I am very excited about my dye results on cottons.
Last year when I was going to the resale shops more often I searched on the sale racks for cotton tops-blouses-in hopes to dye them and or eco print them and then post in my Etsy shop. I picked up mostly smaller sizes hoping to attract some younger people. Going through them this week I found two large pieces-one long sleeve knitted cotton, and a pretty cotton blouse.
I enjoy the surprises achieved with natural dyeing.
Last Saturday I grabbed a big paper bag and my scissors and collected ripe goldenrod flowers, they were at their prime and more of them this time- I collected enough to fill a water bath canner 3/4's full of the flowers. We had been predicted to get rain over the weekend so I wanted to gather before then.
Today, was my day to set up the dye pot.
It is always good to scour your wool or other fibers first to rid them of any oils etc, especially cottons and most especially pre made articles of clothing.
Most cottons if I am dyeing with muslin or quilt fabric I can usually just use synthrapol in a hot wash, but I have found from past cotton natural dyeing that after the synthrapol I also use the scour wash from Earth Hues and follow their instructions. Especially for clothing articles I do this extra step when natural dyeing.
To dye cotton:
I go through the scour process, then I set up the mordant (fixative) process used for cellulose fiber alum acetate which I have only found at Earth Hues so far, and when you purchase just ask for their print out of information. I have no affiliation with Earth Hues I just learned about them several years ago from other online dyers-and they are really helpful with answering your questions too.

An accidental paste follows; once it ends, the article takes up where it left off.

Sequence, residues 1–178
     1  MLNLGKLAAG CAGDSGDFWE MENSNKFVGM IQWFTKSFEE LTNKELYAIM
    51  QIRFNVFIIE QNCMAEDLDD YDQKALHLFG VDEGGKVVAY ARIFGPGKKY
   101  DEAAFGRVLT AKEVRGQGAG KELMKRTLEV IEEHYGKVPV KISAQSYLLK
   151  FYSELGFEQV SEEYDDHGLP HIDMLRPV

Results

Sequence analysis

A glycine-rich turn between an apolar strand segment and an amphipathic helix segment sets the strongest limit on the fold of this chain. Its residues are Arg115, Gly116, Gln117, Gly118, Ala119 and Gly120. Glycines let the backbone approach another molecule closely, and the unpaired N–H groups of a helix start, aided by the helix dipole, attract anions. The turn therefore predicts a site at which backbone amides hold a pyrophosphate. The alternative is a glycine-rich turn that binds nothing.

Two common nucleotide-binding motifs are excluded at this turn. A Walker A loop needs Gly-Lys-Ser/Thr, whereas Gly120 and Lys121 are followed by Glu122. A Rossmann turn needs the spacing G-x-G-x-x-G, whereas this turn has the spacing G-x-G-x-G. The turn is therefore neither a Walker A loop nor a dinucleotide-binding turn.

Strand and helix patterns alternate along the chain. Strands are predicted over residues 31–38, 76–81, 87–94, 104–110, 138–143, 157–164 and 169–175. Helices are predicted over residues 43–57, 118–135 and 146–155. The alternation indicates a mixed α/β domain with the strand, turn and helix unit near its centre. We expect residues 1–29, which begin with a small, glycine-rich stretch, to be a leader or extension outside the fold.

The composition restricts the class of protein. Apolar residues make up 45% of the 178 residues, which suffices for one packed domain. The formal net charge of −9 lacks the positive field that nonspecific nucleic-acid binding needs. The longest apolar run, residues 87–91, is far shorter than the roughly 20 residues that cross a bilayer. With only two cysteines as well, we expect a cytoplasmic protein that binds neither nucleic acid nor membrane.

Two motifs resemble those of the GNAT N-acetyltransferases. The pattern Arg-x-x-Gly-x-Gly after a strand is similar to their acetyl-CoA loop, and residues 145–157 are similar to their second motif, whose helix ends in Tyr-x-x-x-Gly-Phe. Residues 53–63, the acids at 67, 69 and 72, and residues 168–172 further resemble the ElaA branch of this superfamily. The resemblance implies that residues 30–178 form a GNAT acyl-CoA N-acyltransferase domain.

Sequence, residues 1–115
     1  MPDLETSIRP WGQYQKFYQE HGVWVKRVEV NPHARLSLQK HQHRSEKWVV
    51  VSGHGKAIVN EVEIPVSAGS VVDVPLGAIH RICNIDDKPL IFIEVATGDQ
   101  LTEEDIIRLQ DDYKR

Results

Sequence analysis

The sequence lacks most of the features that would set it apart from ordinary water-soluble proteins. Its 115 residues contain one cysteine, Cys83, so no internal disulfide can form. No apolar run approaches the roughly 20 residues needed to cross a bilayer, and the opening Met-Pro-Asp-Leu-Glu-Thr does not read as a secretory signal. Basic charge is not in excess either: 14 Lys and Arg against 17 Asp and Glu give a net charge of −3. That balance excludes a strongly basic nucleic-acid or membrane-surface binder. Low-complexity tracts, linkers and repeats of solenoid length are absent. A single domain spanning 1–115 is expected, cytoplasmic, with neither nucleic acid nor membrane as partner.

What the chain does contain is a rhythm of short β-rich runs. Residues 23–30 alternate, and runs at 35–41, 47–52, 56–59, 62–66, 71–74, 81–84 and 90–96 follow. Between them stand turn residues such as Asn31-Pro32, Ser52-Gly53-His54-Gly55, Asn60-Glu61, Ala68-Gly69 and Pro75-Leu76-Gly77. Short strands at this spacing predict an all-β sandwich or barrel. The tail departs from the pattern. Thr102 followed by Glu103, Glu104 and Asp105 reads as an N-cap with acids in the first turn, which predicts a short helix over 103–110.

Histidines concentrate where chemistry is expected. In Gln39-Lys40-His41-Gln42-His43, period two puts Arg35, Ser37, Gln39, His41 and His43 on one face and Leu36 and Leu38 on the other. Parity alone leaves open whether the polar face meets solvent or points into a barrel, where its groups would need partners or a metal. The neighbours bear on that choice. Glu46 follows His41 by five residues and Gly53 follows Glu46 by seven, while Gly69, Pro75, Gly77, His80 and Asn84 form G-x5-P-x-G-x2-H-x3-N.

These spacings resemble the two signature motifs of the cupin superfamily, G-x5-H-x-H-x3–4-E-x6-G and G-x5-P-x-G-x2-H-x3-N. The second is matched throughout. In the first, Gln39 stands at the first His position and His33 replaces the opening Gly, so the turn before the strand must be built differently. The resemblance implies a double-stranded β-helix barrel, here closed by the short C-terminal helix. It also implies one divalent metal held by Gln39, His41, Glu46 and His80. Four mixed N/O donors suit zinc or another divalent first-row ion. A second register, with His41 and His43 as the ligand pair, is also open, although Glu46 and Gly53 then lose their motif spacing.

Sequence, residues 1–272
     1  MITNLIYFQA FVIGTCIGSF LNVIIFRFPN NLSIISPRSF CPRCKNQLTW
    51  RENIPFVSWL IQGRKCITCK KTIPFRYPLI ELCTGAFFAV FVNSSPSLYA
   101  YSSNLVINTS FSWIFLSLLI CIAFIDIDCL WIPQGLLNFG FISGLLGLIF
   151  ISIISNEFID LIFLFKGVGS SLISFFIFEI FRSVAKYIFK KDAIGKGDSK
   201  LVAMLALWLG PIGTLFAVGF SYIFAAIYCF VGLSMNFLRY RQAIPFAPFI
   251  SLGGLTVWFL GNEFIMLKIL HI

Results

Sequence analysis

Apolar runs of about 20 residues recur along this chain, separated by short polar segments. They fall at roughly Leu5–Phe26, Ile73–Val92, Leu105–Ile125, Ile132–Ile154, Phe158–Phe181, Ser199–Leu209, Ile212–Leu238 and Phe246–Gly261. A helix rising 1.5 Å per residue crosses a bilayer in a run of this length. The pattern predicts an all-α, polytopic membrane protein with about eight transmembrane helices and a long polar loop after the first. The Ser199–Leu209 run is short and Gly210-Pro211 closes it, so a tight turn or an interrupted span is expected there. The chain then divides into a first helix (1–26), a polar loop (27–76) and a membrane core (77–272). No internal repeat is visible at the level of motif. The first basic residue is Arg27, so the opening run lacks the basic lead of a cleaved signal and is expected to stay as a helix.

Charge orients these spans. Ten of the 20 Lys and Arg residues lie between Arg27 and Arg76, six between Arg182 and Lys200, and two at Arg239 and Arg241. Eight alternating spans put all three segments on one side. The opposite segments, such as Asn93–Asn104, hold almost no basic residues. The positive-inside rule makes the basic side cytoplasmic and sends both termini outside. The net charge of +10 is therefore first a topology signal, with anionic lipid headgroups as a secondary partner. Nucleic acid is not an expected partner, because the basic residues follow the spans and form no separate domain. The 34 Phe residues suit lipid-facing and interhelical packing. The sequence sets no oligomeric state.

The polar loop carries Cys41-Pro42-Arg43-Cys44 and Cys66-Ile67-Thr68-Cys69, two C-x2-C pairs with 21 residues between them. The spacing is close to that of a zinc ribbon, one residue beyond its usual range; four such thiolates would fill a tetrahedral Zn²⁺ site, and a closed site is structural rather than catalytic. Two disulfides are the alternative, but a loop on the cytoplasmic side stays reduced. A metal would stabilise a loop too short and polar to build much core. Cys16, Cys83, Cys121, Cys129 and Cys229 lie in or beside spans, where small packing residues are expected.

Most resources just sell alum but there is an alum for wool and protein fibers and another alum for cellulose fibers.
As with my wool dyeing when I have the mordant bath set up, then I start heating up my dye bath. I covered the goldenrod with water with a bit above it-heat up slowly and don't let it go to a boil. At least in my experiences dyeing with goldenrod for several years now I get a clearer yellow with this process. This takes just about the same amount of time as the mordant process.
When the time is up on the mordant bath I used a designated spoon for dyeing and took out the blouses and placed into a designated dye colander in the sink. Squeeze to drain. Again as in wool some instructions say to rinse and some do not-I decided not to.
For the dye pot strain out the goldenrod flowers. It is too hard for me to handle these big heavy pots now so I have a spoon that I just scoop out all the plant material. I get all of the big stuff but not all of the finer pieces.
I then placed the cotton blouse in first and kept an eye on til I loved the color and then removed it.
I then added in the tannish-pink knitted cotton shirt and added that to the dye pot-since it looked like there was lots of dye color left.
and wow-happy happy dancin with the results. I squeezed out the blouses-not twist-and laid them out on thick towels to dry-I will change those up til they are dry. and like the wool dye project-I won't rinse these out for around 5 days.
Here are some photos-just click to enlarge
I was really surprised with the pretty color achieved going over a tan-pinkish color knit cotton top. Now to wait and see how they dry and rinse out.
I had read a bit about natural dye extracts on other posts but have not tried it-but that's next. These are all natural dye plant material dye stuffs that are either in liquid form or a powdered form. Earth Hues carries several-some are pretty pricey some not-but they do dye allot of materials. On my last order I decided to buy one that will give reds. One also needs to pick up the calcium carbonate for reds. That one I need to plan ahead as reading the instructions you mix it with water and let it sit overnite before using. I may just do that tomorrow since the guys are going fishing then.
I decided to set up a seperate post for everyone to link up on with your Creativity Wednesdays-please link up here